Here are some possible outcomes of the suicidal crisis
- If the sufferer receives or gets the help they need to make key changes in their life, there can be some improvement.
- The sufferer can suddenly, miraculously, seem to snap out of it. Depression changes to euphoria without notice. The sufferer seems to have no problems whatsoever. That’s when you really have to be on guard. In someone so changeable so quickly, suicidal ideation can reappear at a moment’s notice. Suicide can once again seem to be the only option.
- The sufferer attempts suicide.
An Attempted Suicide
The sufferer carries out a plan, but, happily, it is not completed.
- The suicidal process can be stopped if the right sort of help is offered and accepted immediately after the attempt.
- A spontaneous remission to a calm, measured state can be a sign that a second suicide attempt is being planned. Resolving this second crisis depends on several factors, including: the individual’s personality, including life experiences, the nature of the events that provoked the crisis, the resources at hand in the individual’s milieu.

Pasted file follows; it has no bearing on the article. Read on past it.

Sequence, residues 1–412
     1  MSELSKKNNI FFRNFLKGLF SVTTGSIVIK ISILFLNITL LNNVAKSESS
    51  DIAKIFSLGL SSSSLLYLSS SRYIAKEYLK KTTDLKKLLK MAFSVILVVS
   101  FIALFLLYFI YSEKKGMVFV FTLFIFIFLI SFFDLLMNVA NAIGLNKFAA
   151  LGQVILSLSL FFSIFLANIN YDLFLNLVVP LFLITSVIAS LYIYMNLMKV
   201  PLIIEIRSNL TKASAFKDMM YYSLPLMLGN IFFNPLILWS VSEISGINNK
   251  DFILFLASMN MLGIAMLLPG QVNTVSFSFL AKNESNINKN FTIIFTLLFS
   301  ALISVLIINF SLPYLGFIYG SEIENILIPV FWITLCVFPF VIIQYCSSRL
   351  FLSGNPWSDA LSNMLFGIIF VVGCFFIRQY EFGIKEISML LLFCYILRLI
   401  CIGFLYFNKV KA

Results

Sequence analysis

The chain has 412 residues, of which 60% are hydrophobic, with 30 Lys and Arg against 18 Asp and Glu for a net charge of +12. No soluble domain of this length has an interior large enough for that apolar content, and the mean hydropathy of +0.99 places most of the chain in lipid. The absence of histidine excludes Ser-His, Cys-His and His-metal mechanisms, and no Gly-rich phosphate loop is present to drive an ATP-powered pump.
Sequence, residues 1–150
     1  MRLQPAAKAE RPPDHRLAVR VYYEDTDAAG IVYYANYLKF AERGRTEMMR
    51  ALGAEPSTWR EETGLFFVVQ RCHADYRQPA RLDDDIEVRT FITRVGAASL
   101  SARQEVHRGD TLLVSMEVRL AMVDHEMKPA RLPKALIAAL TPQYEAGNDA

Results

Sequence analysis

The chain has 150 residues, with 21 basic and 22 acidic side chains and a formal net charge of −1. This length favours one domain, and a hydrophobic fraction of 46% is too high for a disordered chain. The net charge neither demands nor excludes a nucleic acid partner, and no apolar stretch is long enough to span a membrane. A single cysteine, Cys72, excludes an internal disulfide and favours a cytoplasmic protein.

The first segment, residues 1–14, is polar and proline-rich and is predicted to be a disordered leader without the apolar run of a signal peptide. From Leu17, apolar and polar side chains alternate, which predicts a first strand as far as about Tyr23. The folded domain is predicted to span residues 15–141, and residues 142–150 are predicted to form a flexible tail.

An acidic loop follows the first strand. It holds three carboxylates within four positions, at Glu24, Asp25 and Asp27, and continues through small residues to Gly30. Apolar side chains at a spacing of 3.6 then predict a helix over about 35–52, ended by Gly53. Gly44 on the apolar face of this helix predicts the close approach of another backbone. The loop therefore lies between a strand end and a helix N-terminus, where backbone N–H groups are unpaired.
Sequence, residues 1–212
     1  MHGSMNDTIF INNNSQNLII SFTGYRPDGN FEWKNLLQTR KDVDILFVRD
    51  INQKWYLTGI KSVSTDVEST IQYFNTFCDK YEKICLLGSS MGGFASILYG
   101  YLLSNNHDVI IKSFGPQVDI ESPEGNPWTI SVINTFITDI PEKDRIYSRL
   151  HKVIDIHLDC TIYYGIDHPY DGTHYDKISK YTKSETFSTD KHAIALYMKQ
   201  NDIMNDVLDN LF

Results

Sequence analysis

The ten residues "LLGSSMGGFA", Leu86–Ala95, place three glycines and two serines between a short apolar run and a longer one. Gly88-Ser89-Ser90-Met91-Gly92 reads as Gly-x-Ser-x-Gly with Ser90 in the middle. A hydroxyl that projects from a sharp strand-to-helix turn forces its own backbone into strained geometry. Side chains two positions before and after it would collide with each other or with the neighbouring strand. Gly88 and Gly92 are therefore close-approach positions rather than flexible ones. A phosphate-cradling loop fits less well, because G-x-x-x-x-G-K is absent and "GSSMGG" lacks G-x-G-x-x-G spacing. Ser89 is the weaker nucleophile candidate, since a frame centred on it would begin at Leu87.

Once the crisis has passed, you as a counselor face a choice: which tools best fit this situation? How can we get the sufferer on the road to recovery? Once suicide has been averted, or an uncompleted attempt has been made, then your work really begins.
Book excerpt from Quebec Suicide Prevention Handbook (2014), Éditions TNT
Suicide Prevention Hotlines:
Québec: 1-866-APPELLE (277-3553). CLSCs can also help you.
Canada: Canada Suicide Prevention Service 833-456-4566
U.S.: The National Suicide Prevention Lifeline 1-800-273-TALK (8255).